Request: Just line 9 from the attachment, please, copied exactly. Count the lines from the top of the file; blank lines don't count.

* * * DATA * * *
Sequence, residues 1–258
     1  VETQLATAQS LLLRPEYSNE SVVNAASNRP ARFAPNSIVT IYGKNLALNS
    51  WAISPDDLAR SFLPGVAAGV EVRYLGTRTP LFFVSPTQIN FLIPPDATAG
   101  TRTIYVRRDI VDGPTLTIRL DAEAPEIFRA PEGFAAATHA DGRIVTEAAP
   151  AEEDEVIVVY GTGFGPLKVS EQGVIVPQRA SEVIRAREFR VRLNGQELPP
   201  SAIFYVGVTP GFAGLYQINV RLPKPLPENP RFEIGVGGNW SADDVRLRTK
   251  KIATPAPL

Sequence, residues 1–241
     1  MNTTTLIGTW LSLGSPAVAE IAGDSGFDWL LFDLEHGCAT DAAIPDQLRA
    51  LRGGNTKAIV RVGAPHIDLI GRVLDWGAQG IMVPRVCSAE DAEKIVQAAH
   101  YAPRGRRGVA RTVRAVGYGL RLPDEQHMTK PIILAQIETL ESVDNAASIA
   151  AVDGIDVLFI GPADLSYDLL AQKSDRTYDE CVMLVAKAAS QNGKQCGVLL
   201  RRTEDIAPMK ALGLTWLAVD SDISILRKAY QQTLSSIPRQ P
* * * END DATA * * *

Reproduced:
     1  MNTTTLIGTW LSLGSPAVAE IAGDSGFDWL LFDLEHGCAT DAAIPDQLRA